In 1994, Valerie Peacock walked away from a 21-year career teaching English in Prince George's County public schools to unlock the door to a dream.
"I was burned out big time," said Peacock, 49, owner of the Little Teapot, tucked away in the circa 1916 carriage house on the grounds of Montpelier Mansion in South Laurel.
"I gave up my retirement. But the quality of life meant more to me," she said.
Giving up the academic challenges for life as a small-business owner has reshaped her daily schedule. "Time really means nothing to me now. I no longer look at the calendar. When I was teaching, I was just waiting for Friday."
To Peacock, her calling--tea--assumes an otherworldly aura. "I love the serenity and the beauty that surrounds the idea of tea," she said. "Tea is not just a beverage, it's really a spiritual way of life. It's so different from coffee or soda or juice."
She drinks up to five cups a day herself and eagerly tries to convert others to tea drinking.
Peacock's shop celebrates the ancient beverage in all its multifaceted splendor for a growing roster of customers, or friends, as Peacock fondly calls them.
Shelves are stocked with fragrant, exotic blends from around the world, such as First Estate teas, which, she said, "would only come from one tea estate, which would make it very special."
Cases are brimming with items like Russian porcelain and English bone china.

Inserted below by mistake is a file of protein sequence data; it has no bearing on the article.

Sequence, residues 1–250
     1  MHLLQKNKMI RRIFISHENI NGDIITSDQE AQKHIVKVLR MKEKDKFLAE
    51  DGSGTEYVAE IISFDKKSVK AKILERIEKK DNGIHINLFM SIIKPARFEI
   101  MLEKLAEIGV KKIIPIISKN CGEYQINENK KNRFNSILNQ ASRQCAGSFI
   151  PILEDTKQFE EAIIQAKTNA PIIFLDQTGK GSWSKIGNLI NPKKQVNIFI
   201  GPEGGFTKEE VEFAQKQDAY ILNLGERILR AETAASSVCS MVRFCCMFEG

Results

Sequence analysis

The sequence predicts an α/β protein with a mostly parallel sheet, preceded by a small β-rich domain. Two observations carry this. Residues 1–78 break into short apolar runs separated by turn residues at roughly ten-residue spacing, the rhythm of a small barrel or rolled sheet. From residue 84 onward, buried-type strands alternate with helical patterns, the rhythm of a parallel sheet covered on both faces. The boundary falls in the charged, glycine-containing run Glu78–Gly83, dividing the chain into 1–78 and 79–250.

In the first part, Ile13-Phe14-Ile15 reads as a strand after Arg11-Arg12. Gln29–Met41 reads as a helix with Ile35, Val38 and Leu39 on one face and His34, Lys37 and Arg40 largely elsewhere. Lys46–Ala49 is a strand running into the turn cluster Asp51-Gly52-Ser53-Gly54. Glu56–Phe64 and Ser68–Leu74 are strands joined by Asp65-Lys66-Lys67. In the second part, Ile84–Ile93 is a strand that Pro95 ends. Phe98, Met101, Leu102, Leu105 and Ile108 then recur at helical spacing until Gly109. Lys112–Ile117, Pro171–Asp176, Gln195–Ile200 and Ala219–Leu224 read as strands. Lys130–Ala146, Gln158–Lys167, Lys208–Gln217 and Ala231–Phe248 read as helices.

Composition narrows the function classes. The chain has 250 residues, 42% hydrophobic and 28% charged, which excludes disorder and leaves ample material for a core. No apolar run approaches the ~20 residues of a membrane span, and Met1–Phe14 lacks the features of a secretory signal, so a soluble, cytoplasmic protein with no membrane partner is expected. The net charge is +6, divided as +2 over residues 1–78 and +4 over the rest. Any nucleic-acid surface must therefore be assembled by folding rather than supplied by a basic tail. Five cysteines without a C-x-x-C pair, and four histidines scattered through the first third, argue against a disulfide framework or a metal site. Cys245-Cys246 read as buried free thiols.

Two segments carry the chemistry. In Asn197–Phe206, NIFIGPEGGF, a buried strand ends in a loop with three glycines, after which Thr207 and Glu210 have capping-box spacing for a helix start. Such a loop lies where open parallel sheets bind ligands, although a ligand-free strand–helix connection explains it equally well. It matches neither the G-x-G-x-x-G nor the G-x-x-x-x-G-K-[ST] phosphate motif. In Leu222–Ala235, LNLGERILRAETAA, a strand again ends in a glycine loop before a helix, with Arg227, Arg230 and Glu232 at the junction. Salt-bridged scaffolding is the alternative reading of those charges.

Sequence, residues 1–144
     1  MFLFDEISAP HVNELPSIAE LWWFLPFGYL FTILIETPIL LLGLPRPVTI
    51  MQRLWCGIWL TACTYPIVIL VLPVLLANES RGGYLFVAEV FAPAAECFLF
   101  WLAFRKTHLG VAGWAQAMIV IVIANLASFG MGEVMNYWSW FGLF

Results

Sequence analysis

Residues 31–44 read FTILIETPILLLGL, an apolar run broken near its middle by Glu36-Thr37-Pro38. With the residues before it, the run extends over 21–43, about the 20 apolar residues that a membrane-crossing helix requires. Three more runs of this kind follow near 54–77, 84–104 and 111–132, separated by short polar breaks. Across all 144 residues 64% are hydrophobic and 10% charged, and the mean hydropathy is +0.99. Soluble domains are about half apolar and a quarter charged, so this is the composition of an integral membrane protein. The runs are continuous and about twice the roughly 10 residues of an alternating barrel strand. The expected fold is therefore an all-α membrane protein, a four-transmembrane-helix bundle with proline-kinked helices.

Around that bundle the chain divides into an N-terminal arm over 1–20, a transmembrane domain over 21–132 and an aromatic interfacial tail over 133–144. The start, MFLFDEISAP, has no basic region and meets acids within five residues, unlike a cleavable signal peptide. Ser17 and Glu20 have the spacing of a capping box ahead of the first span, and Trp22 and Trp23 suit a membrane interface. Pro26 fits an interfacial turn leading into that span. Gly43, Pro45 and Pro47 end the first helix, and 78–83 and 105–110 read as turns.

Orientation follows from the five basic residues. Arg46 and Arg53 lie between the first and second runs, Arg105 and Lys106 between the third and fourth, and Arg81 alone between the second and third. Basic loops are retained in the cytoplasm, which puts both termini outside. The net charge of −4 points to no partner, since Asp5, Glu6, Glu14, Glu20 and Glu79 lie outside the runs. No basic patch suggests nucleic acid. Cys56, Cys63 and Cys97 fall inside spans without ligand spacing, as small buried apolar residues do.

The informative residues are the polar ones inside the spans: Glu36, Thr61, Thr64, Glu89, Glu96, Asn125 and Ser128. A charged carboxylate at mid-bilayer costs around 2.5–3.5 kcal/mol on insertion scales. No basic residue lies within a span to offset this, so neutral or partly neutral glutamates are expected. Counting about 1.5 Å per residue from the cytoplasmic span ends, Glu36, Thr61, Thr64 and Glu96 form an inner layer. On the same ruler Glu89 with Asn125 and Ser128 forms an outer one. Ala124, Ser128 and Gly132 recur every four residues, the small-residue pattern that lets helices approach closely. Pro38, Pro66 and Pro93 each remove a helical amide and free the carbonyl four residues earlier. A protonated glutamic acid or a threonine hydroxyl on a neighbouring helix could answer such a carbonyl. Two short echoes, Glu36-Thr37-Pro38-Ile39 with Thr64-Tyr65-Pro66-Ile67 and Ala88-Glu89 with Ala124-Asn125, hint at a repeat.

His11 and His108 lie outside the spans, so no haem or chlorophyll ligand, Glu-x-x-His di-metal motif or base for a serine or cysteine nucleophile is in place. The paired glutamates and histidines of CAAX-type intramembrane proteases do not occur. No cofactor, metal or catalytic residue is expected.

Another display holds a collection of CDs with piano compositions like "The Art of Tea." And there's stationery featuring Carol Wilson cards and note pads in portfolios that read, "Things to Do After I Have Tea." A tea bag is attached to the note pad. The back wall is filled with leading English brands such as Taylors of Harrogate and P.G. Tips.
Her biggest seller is Yorkshire Gold, she said. "I have a lot of British customers or people who have lived in England. It's a real full-bodied tea." Yorkshire Gold has surpassed the popularity of Harney and Sons Fine Teas, an American tea served in hotels such as the Ritz and Palm Court chains. Teapots are her second fastest-moving item, along with cups, saucers and strainers and classical and jazz CDs.
Don't expect to find inexpensive commercial brands such as Lipton or Bigelow on the menu. "The tea you get in the grocery store," she said, "is primarily tea dust. It's the smallest particle of the leaf. It makes a very fast brew."
Other attention-getters, such as English candies and cookies, are favorites among employees of the National Security Agency at nearby Fort Meade who have lived in England. And there is her inventory of books with titles like "The Book of Green Tea" and "The History of Tea." Peacock also sells stationery because, as she firmly believes, "writing and tea go hand-in-hand."